EU Ethics Rules Seek to Balance AI Risks, Benefits
European regulators continue to take the lead on a range of critical technology policy issues spanning data privacy and, now, “trustworthy” AI.
On the heels of its sweeping General Data Protection Regulation, considered by at least one observer as “the most significant change in privacy law in decades,” the European Union this week unveiled ethics guidelines for “building trust in human-centric AI.”
First and foremost, the EU framework emphasizes human oversight of AI development: Emerging systems should serve humans, not the other way around. “Proper oversight mechanisms need to be ensured, which can be achieved through human-in-the-loop, human-on-the-loop and human-in-command approaches,” regulators said.
Along with emphasizing consumer privacy and data governance, the AI guidelines also stress the need for thoroughly vetted algorithms undergirded by robust and rigorously tested software stacks. AI systems “need to be safe, ensuring a fall back plan in case something goes wrong, as well as being accurate, reliable and reproducible” the EU panel said.
Hence, the European guidelines stake out a position at odds with so-called “black box” AI platforms unable to explain, for example, how models in a deep learning system arrive at a conclusion or prediction.
The European Commission established a working group last June to begin work on its ethical AI guidelines. The first draft released in December attracted more than 500 comments from AI stakeholders.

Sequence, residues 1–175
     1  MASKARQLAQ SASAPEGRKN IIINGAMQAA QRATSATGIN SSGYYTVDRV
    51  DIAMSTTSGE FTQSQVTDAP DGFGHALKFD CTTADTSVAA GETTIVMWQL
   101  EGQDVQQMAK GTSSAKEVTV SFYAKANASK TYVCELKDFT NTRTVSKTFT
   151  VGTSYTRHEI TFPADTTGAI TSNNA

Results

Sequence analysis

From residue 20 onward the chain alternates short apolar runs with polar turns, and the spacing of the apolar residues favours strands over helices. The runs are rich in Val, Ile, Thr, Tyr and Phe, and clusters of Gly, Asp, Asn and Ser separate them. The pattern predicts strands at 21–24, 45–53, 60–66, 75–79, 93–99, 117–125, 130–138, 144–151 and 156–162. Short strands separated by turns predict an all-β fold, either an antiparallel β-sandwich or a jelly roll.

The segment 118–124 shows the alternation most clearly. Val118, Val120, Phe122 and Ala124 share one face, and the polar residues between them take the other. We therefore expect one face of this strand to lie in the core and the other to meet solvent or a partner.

The guidelines released this week also cover key areas of concern, including algorithmic bias, accountability and the need for transparent AI systems and business models. “AI systems and their decisions should be explained in a manner adapted to the stakeholder concerned,” the guidelines state.
“Humans need to be aware that they are interacting with an AI system, and must be informed of the system’s capabilities and limitations.”
The EU guidelines are sure to fuel the ongoing debate about how far regulators should go in controlling AI technology without stifling innovation. Still, a consensus appears to be emerging to retain so form of human control over AI as opposition grows to deployment of autonomous platforms.
“The development of AI is not a means in itself,” asserted Pekka Ala-Pietilä, a member of the European Commission’s AI High-Level Group. “The goal is to increase human well-being, which necessitates a holistic approach, ensuring that we maximize the benefits of AI, while at the same time minimizing its risks.”
EU regulators will next launch a “piloting process” this summer to hammer out best practices for implementing the European regulator’s version of trustworthy AI. A senior-level expert group will then review proposals before the European Commission issues formal recommendations, perhaps as early as next year.
The EU’s AI guidelines can be downloaded here.